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The FAA invites you to send any written relevant data, views, or arguments about this proposal. Send your comments to an address listed under ADDRESSES. Include “Docket No. FAA-2021-0065; Notice No. 29-054-SC” at the beginning of your comments. The most helpful comments reference a specific portion of the special conditions, explain the reason for any recommended change, and include supporting data. The FAA will consider all comments received by the closing date and may amend these proposed special conditions because of those comments.
On December 15, 2011, Bell applied for a type certificate for a new 14 CFR part 29 transport category helicopter designated as the Model 525. Bell applied for multiple extensions, with the most recent occurring on November 12, 2020. The date of the updated type certification basis is December 31, 2016, based upon the applicant's proposed type certificate issuance date of December 31, 2021. The Model 525 is a medium twin-engine rotorcraft. The design maximum takeoff weight is 20,500 pounds, with a maximum capacity of 19 passengers and a crew of 2.
The Bell Model 525 helicopter will be equipped with a four axis full authority digital FBW FCS that provides for aircraft control through pilot input and coupled flight director modes. The design of the Bell Model 525 FBW controls, which provides no direct hydro-mechanical linkage between the primary cockpit flight controls or inceptors and the main and tail rotor Start Printed Page 7517actuators, is a first for commercial rotorcraft use. Therefore, the regulations do not contain adequate or appropriate safety standards for this new design feature.
The rotorcraft industry is producing new generations of helicopters, and gradually increasing size, speed, load capacity, and technical sophistication. In recent years, an accelerated trend has occurred using rotorcraft for a wide range of commercial and industrial applications. This has resulted in increased complexity of modern control systems and increased use of automation in flight control systems, including the implementation of advanced flight control systems such as FBW FCS.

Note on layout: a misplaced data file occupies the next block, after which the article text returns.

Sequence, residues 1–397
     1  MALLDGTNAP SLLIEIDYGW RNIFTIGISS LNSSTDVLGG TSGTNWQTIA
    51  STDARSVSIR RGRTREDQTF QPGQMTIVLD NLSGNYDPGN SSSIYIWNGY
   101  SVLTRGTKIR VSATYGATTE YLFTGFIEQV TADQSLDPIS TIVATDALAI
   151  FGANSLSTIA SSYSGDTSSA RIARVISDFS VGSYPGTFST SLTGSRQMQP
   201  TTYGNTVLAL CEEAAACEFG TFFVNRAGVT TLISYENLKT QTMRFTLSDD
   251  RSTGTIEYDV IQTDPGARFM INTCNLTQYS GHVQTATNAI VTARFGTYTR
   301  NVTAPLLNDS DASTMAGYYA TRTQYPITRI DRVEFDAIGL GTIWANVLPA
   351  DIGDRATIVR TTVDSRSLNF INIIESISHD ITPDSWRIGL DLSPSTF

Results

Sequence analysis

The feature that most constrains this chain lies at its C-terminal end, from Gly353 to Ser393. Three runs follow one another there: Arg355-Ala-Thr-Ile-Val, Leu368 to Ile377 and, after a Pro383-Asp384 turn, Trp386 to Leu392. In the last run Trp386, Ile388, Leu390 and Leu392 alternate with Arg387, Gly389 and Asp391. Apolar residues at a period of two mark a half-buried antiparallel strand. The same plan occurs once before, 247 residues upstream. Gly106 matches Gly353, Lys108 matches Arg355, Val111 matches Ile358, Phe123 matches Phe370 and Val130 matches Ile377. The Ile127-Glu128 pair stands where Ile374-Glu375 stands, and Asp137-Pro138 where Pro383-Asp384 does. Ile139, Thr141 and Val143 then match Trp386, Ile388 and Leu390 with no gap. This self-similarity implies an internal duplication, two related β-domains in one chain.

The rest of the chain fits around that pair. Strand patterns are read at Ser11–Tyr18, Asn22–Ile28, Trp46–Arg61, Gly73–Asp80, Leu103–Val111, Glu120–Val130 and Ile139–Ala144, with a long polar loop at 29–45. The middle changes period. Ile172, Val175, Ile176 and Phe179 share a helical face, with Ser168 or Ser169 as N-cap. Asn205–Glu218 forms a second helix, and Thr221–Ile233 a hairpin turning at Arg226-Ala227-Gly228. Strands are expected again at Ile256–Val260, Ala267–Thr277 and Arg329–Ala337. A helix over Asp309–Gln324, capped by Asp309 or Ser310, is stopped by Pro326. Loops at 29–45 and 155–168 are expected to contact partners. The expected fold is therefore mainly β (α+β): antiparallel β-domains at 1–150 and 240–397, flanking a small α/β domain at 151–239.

Title 14, Code of Federal Regulations (CFR), § 29.671(c), which provides requirements for transport category rotorcraft control systems, does not contain adequate or appropriate safety standards for this new design feature. 14 CFR 29.671(c) requires, in part, a means to allow the pilot to determine that full control authority is available prior to flight. This command control authority is typically achieved by verifying movement of the control quadrant through an unassisted mechanical pilot-initiated manipulation of the primary flight controls prior to flight. Although this approach does not guarantee that 100% maximum control movement of the flight controls has been achieved prior to flight, it has been deemed appropriate for mechanical flight control systems.
Unlike traditional mechanical flight control systems, the FBW FCS reduces the opportunity for jamming of the flight controls due to mechanical bind, improper servo adjustment resulting from faulty maintenance, or presence of a foreign object in the control mechanism that will impair safety. This reduced exposure for jams is due to the replacement of the mechanical linkages between the primary cockpit flight controls or inceptors and the main and tail rotor actuators with digital signal processing wiring. However, the FBW FCS does increase the potential for latent failures or faults that could impair full control authority, unless a means exists to ensure the FBW FCS is fully functional and free of control authority impairment prior to flight. A FBW system may have the ability to verify full control authority without having to move the primary flight controls.